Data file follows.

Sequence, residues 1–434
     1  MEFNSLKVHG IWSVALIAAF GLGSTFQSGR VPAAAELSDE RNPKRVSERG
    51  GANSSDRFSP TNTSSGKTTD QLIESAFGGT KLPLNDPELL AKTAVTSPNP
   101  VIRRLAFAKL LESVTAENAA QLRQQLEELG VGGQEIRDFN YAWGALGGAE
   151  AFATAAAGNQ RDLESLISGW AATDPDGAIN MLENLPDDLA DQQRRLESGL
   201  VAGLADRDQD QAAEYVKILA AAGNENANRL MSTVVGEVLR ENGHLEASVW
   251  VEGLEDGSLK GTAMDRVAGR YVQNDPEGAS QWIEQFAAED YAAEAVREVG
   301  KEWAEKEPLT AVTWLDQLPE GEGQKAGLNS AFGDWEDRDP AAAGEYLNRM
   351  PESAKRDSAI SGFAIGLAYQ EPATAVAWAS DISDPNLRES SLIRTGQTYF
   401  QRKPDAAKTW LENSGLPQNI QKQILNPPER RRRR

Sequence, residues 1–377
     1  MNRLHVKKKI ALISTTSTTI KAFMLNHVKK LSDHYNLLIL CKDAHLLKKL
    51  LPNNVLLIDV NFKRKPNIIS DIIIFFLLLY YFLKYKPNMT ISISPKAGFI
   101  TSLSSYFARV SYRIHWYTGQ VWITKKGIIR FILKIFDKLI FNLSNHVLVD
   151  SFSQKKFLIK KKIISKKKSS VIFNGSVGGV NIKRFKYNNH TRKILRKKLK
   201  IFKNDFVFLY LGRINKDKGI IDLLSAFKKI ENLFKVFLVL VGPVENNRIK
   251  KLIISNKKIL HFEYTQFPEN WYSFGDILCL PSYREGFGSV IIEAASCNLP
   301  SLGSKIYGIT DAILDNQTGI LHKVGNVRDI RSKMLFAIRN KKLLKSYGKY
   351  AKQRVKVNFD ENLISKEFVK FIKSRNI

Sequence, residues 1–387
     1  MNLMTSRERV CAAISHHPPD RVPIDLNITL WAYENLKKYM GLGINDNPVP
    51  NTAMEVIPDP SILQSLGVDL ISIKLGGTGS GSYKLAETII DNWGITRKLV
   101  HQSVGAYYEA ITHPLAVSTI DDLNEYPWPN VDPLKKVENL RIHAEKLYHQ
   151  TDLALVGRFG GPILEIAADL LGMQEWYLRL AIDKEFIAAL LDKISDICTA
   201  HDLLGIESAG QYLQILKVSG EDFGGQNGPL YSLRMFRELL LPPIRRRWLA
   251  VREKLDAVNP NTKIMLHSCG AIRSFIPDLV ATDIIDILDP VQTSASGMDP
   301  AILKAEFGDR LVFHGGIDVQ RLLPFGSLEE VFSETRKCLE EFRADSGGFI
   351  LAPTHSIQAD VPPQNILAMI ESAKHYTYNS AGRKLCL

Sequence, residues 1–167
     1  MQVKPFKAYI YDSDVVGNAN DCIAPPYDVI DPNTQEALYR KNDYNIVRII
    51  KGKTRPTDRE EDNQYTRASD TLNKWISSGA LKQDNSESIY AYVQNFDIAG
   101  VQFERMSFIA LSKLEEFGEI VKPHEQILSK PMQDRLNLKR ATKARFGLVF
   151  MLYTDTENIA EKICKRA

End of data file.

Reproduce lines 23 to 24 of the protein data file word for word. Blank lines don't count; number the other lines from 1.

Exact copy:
   101  HQSVGAYYEA ITHPLAVSTI DDLNEYPWPN VDPLKKVENL RIHAEKLYHQ
   151  TDLALVGRFG GPILEIAADL LGMQEWYLRL AIDKEFIAAL LDKISDICTA